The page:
June 9, 2013
A few years ago while traveling to Connecticut I came across a book written by James W. Douglass, “JFK and The Unspeakable, Why He Died and What It Matters”. At the time I thought it was just another book with more of the same worn-out conclusions. I had no interest in reading it. It wasn’t until recently when I came across an interview given by Lew Rockwell, that my interest in this book reached a renewed level of curiosity. Reading JFK and The Unspeakableprompted me to write to you today.
Mr. Douglass taps into an entirely different approach. His approach is less about “who” pulled the trigger and more about “why” citizen denial overwhelmingly took hold of our nation’s mindset, in addition to the role of government’s plausible deniability, and how these elements allowed the unspeakable to occur.
Before I continue some of the terminology and circumstances Mr. Douglass discusses will need a brief explanation:
Citizen denial is a term that should be easy to understand. The difficulty is to determine whether citizen denial was the mindset in 1963 and whether it is our mindset today.
Plausible deniability is a term coined by the CIA during the Kennedy administration. It is a term used to describe the withholding of information from senior officials in order to protect them from repercussions in the event that illegal or unpopular activities by the CIA became public knowledge. Does the lack of evidence make the denial plausible, meaning that it then becomes, credible? Is plausible deniability a tactic used by the CIA today?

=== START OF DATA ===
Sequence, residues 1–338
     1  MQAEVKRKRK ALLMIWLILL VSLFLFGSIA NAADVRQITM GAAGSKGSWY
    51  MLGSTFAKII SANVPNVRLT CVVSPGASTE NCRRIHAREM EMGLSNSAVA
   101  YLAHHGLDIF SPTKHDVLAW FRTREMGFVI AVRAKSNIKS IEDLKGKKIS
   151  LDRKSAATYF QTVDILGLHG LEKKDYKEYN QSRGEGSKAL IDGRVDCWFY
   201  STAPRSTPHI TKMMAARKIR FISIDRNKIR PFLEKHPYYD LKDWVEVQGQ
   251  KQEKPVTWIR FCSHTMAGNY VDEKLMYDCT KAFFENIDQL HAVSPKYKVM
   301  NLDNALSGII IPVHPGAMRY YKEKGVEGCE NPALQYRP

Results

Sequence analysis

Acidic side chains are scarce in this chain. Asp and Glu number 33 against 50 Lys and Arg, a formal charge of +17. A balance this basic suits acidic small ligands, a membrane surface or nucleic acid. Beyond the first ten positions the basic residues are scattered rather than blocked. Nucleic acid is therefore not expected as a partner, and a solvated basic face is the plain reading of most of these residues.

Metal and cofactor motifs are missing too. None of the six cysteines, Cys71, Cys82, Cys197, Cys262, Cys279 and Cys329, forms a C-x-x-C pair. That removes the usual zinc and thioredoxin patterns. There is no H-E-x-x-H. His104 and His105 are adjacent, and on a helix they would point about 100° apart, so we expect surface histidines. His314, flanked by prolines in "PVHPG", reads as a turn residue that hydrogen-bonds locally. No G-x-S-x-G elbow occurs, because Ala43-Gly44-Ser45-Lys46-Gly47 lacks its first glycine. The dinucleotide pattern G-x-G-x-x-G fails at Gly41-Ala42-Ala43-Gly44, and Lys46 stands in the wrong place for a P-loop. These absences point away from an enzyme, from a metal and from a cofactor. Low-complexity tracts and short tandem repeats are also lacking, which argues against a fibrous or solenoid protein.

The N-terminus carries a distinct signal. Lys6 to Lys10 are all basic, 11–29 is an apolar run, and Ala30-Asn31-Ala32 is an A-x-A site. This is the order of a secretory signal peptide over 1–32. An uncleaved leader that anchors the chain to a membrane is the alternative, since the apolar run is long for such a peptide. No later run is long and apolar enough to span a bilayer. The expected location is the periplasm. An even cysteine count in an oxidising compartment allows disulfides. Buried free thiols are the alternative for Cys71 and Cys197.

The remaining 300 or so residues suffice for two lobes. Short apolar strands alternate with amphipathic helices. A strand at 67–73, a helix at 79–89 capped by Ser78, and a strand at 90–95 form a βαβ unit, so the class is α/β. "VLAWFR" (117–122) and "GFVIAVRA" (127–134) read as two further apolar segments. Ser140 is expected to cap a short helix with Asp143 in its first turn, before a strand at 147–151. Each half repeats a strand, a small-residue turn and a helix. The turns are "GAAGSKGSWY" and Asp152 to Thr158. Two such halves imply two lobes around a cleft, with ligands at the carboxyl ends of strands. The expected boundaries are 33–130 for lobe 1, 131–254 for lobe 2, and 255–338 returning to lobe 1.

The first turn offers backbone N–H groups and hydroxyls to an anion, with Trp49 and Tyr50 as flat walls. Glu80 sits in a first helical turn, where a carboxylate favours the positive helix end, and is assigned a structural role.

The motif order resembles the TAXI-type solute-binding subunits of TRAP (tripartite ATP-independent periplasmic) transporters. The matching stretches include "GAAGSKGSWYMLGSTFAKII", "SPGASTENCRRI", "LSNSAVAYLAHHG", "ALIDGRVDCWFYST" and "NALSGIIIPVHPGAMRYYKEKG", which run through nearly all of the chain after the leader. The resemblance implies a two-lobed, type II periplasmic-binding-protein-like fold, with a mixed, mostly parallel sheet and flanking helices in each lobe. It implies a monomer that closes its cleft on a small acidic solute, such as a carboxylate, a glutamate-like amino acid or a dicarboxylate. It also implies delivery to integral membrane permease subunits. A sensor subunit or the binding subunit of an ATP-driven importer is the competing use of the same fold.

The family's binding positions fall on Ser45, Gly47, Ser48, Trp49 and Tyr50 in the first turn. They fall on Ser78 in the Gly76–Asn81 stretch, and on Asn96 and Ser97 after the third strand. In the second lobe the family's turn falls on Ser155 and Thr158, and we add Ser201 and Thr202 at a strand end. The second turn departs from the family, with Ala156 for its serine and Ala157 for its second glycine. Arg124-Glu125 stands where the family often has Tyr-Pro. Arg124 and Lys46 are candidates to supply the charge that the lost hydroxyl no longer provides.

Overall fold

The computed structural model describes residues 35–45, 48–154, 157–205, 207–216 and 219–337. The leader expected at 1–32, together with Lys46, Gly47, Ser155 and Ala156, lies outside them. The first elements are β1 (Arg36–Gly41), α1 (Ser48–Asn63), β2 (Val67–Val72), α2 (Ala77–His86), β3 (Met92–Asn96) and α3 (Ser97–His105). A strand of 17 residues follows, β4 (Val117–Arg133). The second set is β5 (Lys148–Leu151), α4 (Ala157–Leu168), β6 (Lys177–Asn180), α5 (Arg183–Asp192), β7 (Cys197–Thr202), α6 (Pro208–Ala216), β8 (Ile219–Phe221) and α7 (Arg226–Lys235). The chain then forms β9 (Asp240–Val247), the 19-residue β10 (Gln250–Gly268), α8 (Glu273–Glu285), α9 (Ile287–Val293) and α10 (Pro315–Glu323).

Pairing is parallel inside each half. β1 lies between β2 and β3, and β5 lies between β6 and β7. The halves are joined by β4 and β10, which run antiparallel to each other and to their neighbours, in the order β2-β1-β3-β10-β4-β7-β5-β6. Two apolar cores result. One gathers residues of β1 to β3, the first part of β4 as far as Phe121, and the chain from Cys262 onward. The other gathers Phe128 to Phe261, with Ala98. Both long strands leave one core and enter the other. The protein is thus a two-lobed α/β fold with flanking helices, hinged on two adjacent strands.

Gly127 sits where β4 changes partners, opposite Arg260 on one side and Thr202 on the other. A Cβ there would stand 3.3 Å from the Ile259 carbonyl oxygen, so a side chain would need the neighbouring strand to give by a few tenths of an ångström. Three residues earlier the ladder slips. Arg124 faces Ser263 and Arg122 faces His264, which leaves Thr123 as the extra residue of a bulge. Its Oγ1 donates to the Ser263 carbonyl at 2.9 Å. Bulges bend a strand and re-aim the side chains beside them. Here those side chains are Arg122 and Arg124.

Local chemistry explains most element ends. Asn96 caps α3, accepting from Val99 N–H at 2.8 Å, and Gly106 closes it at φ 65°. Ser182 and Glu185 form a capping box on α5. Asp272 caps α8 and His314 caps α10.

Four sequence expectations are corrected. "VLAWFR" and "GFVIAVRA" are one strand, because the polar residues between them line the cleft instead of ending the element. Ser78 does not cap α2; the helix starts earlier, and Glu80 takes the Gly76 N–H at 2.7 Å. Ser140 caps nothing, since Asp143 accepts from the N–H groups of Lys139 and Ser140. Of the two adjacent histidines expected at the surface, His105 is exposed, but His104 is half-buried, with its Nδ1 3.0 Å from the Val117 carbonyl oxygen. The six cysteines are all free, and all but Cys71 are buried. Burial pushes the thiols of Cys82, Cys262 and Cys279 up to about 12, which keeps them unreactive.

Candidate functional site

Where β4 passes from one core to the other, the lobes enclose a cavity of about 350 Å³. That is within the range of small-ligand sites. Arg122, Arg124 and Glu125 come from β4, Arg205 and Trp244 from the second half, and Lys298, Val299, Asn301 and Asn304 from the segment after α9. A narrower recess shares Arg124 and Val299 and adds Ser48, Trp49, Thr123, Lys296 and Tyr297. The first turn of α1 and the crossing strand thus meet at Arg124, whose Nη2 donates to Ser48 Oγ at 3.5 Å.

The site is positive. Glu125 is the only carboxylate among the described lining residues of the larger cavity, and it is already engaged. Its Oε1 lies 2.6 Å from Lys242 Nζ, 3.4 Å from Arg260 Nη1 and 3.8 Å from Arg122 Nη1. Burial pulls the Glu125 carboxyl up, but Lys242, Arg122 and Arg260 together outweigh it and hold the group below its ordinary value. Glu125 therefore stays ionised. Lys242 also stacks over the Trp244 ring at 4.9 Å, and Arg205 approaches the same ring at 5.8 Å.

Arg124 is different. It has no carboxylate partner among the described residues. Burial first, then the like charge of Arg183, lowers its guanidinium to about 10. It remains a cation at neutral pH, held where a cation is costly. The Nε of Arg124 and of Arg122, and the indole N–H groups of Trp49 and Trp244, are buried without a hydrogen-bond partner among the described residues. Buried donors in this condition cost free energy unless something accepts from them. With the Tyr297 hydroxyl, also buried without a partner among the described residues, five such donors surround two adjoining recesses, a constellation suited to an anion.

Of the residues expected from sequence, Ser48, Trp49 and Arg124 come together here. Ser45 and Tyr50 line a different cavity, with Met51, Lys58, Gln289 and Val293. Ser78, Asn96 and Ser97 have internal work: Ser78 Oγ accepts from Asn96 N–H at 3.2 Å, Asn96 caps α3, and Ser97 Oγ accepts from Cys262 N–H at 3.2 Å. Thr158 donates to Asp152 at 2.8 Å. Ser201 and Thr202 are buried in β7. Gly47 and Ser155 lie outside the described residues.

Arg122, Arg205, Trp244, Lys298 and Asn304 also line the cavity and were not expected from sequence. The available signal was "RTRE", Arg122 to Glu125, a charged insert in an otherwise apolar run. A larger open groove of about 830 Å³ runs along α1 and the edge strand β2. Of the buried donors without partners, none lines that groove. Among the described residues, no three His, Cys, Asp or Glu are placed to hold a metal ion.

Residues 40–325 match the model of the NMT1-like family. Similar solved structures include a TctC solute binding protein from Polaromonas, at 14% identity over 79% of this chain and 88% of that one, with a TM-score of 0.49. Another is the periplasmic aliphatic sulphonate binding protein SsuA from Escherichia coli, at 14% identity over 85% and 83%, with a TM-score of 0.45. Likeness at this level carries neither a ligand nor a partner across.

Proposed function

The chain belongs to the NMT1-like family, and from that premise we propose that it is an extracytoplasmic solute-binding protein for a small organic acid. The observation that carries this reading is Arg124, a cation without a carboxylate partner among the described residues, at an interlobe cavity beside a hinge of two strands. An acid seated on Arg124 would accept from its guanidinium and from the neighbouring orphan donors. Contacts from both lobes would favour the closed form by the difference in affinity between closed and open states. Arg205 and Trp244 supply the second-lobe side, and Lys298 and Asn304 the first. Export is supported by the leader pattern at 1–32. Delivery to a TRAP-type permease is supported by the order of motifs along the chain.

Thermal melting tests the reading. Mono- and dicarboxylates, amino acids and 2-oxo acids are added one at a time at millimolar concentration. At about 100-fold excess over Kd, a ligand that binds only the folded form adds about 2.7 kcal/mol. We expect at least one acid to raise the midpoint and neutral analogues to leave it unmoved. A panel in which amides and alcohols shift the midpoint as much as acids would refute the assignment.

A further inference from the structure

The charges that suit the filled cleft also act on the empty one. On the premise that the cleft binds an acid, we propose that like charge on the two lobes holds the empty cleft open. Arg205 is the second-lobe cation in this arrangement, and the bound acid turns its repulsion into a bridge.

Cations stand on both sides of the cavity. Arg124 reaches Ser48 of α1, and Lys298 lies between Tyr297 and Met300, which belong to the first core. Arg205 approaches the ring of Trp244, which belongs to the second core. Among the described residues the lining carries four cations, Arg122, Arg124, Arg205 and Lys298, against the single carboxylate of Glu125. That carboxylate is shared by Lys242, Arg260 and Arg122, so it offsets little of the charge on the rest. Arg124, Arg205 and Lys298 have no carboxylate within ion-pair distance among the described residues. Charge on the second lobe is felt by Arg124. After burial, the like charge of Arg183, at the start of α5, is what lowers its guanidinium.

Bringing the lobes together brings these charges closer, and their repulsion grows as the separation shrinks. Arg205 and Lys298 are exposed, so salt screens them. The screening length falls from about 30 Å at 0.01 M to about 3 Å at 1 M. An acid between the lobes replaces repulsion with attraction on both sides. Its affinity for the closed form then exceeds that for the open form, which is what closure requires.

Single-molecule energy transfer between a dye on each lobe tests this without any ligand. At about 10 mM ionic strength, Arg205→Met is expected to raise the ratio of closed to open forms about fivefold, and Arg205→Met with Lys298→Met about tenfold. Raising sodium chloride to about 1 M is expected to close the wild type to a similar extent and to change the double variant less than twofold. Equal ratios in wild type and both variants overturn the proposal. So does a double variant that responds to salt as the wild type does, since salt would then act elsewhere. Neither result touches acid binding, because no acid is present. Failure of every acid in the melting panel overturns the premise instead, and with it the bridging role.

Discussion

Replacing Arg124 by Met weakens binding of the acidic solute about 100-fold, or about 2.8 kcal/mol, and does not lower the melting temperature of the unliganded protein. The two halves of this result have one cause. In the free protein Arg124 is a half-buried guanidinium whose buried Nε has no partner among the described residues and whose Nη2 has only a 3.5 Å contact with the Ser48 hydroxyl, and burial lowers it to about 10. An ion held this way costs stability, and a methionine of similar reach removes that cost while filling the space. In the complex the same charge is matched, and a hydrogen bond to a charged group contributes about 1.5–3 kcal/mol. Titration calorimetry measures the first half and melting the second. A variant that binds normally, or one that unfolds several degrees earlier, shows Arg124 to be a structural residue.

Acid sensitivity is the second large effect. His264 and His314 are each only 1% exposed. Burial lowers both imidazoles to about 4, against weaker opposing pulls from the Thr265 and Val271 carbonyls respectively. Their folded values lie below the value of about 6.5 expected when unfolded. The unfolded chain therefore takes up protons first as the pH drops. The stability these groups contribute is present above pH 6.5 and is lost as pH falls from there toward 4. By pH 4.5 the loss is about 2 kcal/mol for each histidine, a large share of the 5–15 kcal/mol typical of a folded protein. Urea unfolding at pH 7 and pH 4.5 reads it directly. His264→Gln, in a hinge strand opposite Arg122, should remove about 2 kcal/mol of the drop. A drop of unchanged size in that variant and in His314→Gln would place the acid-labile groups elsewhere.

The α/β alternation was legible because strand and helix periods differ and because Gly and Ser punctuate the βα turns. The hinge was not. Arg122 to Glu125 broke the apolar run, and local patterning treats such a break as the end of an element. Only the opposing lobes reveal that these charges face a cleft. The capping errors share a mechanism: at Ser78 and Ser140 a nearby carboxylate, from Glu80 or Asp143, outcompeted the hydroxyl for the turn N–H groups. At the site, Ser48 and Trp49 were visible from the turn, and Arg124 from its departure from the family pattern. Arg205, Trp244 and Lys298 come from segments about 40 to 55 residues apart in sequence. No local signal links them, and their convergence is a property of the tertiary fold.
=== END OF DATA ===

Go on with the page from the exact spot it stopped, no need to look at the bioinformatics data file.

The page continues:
The explanation of the unspeakable is perhaps the most interesting, yet it might also be the most difficult to grasp. It should be noted that Mr. Douglass developed a deep admiration for the writings of Father Thomas Merton. Father Merton was born in France in 1915; he was a Trappist Monk, a poet and spiritual writer, social activist, and student of comparative religion. It was Father Merton who coined the phrase “The Unspeakable” that Mr. Douglass uses in the title of his book. “The Unspeakable” as defined by Father Merton and as it is understood by Mr. Douglass is, “an evil whose depth and deceit seem to go beyond the capacity of words to describe.”
Mr. Douglass wants us to consider whether the unspeakable succeeded due to citizen denial, because the truth was hidden from us due to plausible deniability by government agencies. He presents a compelling argument that President Kennedy was assassinated by unspeakable forces, and he provides highly detailed and intricately linked evidence based on his own research and a vast array of some of the best scholarship.
In some ways Mr. Douglass actually extends the borderline and opens news paths. One of the things that makes this book instructive and worthy of reading is that Mr. Douglass is able to achieve an amazingly different view through the use of new sources, or through sources that were never used, underused, or simply not available. His years of scholarship, along with fresh interviews and access to White House memos only released in the mid-1990’s, prompted Gaeton Fonzi, former staff investigator for the U.S. House Select Committee on Assassinations, to write that JFK and The Unspeakable is “by far the most important book yet written on the subject.” Mr. Douglass meticulously documents his sources. There are nearly 100 pages of documentation.